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XU BEIHONG (1895-1953)
XU BEIHONG (1895-1953)
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Lot 2194 From A Private Malaysian Collection
XU BEIHONG (1895-1953)


XU BEIHONG (1895-1953)
Inscribed with a poem and signed, with three seals of the artist
Dated spring, twenty-eighth year (of the Republic, 1939)
Scroll, mounted and framed, ink and colour on paper
86.5 x 54.5 cm. (34 x 21 1/2 in.)
20th Century
Post lot text
In 1925, Xu Beihong met Huang Menggui (1885-1965) in Paris. Huang, a master's degree holder of Columbia University, was on a study tour in Europe. Knowing that Xu had financial difficulties due to irregular government funding from China, Huang asked his second younger brother Huang Manshi (1890-1963) for help. A general manager of Nanyang Brothers Tobacco Co. Ltd. in Singapore, Huang Manshi was a generous man and an art collector. Eventually he invited Xu for a short stay in Singapore at his residence of colonial style, the Hundred-Fan Studio, which was also known as Jiang Xia Tang. Huang was so kind that he converted a small living room on the second floor into a studio for Xu. Through the introduction of Huang Manshi, Xu painted portraits for the local senior officials and the rich, so as to support the living of his wife Zhang Manwei in Paris. Since then, Xu regarded the Huang brothers as the bosom friends of his life and stayed in Jiang Xia Tang whenever he visited the country.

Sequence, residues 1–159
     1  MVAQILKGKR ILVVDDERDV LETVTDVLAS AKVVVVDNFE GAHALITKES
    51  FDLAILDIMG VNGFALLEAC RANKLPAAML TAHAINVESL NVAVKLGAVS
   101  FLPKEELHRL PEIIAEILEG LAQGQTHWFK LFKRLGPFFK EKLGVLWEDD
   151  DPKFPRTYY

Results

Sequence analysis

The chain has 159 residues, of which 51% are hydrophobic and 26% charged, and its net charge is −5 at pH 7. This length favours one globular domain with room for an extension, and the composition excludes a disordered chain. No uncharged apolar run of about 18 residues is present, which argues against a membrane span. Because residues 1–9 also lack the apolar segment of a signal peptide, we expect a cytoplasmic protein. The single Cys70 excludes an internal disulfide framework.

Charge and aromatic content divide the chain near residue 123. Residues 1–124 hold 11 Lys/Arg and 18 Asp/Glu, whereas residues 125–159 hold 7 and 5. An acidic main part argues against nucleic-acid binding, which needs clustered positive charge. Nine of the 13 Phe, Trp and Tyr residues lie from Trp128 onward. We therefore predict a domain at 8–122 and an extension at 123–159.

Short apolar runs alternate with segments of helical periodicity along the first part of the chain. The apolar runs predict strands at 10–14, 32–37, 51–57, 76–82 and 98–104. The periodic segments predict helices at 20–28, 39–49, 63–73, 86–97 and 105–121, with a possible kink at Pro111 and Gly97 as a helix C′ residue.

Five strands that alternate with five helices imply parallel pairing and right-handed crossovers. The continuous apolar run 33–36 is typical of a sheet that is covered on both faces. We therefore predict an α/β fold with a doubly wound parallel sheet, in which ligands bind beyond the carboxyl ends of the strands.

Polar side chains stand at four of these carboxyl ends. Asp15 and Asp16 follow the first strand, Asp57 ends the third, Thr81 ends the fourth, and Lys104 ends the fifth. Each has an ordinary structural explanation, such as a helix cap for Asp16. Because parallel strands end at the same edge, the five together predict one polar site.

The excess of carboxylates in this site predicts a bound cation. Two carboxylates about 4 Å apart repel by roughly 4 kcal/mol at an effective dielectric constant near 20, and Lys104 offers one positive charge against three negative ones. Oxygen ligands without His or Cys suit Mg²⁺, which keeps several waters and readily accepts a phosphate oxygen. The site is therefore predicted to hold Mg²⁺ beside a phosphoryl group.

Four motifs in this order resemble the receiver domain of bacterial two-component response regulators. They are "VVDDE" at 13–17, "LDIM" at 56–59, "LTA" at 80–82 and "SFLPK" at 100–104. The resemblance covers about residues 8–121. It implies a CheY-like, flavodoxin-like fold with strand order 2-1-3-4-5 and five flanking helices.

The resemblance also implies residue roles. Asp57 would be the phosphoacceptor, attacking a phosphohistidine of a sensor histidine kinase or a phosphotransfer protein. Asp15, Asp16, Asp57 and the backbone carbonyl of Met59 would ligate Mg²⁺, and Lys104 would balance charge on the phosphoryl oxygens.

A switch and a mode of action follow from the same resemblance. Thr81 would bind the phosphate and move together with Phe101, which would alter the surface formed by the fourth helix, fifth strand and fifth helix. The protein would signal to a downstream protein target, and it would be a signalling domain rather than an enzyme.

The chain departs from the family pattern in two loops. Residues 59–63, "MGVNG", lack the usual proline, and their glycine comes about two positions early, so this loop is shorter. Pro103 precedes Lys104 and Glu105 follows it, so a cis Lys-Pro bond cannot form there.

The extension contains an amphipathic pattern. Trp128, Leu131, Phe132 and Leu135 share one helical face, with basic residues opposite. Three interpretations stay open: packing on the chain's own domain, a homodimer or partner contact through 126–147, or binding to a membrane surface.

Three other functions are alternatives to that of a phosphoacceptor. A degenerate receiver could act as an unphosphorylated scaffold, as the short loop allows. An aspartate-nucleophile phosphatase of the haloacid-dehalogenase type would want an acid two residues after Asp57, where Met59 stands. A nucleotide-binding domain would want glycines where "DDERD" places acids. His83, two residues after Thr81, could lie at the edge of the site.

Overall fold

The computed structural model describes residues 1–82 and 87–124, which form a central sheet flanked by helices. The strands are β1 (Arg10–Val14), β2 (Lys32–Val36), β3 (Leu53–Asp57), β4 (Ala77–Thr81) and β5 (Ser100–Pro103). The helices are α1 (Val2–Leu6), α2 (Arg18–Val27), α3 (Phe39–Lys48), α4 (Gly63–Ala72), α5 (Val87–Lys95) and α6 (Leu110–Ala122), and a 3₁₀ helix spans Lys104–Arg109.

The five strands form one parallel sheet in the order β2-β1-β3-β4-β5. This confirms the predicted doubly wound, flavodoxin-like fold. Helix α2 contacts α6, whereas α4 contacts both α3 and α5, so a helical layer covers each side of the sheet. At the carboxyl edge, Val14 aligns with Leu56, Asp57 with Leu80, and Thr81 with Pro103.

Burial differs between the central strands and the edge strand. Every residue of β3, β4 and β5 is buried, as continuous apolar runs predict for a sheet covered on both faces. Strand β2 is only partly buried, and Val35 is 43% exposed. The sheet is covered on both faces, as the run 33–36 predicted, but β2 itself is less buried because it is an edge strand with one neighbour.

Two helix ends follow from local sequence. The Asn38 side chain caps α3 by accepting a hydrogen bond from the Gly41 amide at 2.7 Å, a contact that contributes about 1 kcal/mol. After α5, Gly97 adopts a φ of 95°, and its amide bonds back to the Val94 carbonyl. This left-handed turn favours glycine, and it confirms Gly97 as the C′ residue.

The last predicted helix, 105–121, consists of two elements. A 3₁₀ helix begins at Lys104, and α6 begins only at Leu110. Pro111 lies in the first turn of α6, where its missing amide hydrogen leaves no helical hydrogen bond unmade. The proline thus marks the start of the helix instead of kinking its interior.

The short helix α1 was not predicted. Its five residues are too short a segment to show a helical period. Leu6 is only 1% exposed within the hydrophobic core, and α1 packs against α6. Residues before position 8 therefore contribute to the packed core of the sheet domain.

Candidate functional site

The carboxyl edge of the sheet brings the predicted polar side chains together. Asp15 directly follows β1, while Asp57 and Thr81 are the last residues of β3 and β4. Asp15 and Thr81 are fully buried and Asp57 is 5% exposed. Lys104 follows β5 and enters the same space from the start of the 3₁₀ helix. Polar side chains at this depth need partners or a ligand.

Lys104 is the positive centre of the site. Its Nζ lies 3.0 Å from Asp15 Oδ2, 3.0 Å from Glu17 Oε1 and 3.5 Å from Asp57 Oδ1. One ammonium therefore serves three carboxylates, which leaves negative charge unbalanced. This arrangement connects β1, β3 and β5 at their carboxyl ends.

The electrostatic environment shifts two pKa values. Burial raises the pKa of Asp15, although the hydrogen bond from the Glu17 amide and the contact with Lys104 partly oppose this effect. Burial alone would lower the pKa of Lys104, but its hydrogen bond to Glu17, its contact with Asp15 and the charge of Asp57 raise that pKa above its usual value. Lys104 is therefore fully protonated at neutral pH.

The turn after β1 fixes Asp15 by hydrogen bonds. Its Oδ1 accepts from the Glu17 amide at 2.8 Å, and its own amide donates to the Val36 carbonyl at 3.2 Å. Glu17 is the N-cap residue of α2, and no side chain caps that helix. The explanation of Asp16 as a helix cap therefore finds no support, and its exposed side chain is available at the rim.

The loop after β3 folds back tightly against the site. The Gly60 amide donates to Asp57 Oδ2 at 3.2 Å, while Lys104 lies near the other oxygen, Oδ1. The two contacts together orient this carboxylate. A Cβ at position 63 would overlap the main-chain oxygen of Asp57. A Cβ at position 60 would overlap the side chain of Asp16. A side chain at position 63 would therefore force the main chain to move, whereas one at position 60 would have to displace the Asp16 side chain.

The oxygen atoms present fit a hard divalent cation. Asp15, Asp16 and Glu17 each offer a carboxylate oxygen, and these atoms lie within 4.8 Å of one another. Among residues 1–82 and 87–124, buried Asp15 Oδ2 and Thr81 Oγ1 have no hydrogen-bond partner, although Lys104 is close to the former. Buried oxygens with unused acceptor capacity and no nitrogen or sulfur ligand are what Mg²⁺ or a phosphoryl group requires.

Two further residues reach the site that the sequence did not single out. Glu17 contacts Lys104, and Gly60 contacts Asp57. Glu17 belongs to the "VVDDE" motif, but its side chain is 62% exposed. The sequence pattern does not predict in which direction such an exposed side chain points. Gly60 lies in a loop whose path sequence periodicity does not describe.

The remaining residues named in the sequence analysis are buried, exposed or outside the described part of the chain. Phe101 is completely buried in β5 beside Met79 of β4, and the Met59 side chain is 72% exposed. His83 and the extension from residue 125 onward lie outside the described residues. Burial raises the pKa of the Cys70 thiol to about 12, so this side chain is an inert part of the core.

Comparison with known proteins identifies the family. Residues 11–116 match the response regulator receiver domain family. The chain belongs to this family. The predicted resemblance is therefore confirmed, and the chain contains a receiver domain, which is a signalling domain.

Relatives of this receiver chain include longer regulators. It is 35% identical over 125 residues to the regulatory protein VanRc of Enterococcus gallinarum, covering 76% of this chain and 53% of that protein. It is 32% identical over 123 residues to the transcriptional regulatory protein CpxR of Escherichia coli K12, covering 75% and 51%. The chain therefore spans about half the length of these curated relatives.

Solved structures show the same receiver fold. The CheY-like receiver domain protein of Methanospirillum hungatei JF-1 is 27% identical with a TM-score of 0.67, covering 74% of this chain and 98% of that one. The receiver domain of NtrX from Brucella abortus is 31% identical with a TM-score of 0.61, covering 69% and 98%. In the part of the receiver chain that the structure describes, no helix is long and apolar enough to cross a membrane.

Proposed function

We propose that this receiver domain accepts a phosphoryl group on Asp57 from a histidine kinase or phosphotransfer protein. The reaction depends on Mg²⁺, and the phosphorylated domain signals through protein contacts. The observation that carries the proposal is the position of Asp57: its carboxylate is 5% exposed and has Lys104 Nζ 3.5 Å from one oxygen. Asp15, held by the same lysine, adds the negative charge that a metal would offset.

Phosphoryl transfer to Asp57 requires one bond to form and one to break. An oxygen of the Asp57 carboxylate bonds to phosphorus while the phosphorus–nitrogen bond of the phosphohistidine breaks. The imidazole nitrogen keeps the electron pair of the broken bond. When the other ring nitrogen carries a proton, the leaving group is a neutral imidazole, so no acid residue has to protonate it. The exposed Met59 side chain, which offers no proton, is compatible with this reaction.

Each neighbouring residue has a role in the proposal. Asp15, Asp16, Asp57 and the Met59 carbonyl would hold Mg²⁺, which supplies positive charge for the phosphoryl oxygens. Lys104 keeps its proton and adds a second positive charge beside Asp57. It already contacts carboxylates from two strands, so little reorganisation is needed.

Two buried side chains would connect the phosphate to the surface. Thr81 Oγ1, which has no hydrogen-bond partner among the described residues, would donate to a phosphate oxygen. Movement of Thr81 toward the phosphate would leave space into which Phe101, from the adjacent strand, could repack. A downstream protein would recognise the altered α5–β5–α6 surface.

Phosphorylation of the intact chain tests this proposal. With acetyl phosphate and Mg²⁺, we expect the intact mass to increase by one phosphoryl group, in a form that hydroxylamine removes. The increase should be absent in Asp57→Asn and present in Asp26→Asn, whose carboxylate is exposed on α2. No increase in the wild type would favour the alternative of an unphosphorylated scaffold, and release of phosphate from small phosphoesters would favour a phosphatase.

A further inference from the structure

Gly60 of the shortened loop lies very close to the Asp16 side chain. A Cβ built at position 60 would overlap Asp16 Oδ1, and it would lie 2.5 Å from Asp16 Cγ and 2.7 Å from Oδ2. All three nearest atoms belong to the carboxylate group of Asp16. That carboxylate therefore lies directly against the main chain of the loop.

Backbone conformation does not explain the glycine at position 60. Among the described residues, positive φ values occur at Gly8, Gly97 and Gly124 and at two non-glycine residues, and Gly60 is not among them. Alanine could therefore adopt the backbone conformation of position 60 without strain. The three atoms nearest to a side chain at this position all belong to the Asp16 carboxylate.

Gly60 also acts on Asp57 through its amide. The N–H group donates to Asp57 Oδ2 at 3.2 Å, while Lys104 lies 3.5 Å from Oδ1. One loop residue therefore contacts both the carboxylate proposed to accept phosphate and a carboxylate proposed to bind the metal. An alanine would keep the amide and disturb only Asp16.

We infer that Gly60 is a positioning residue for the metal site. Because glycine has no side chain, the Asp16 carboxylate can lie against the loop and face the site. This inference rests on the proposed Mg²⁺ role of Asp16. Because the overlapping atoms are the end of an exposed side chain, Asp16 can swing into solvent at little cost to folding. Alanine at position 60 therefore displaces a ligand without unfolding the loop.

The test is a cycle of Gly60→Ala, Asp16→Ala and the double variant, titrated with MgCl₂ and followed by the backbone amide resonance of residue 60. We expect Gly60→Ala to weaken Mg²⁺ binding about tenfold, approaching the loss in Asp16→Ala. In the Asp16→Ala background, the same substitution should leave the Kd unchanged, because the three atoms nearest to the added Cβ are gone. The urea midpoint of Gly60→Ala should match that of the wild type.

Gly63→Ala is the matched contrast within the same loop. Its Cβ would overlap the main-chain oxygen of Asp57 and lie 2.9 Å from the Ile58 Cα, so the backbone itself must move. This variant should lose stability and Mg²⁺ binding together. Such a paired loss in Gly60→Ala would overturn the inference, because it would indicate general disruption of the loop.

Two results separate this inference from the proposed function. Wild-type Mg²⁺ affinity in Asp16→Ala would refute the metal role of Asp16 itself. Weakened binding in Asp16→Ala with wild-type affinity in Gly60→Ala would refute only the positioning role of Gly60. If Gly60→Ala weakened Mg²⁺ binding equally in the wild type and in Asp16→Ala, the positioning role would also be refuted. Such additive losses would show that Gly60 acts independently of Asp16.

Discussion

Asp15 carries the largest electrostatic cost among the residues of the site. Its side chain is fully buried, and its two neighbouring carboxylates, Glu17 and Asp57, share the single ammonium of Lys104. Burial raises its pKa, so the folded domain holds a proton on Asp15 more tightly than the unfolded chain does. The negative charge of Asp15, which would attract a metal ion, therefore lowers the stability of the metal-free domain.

Huang Manshi was a lover of tropical flora, especially orchids. Precious and rare species of orchids filled his garden at Jiang Xia Tang. Influenced by the passion of his friend and physically surrounded by the colourful blooms, Xu became very interested in the orchids and they became his subject matter for painting.
Painted in the spring of 1939, Cattleya exemplifies Xu's artistic talents stemmed from the East and influenced by the West. Depicted in the traditional baimao method, the exotic orchid cattleya trianae flourishes gracefully in a Chinese jardini?re. While the skilful play on light, colour and form is an evidence of Xu's solid foundation in modern Western painting techniques, the composition with the orchid occupying one-third of the painting at the bottom and the long inscriptions one-third on the top is reminiscent of the flower painting of the Chinese literati in the past. These, together with the exotic origin of the orchid, make Cattleya an intriguing work of art and a memory of Xu Beihong in Singapore.

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Yanie Choi
Yanie Choi

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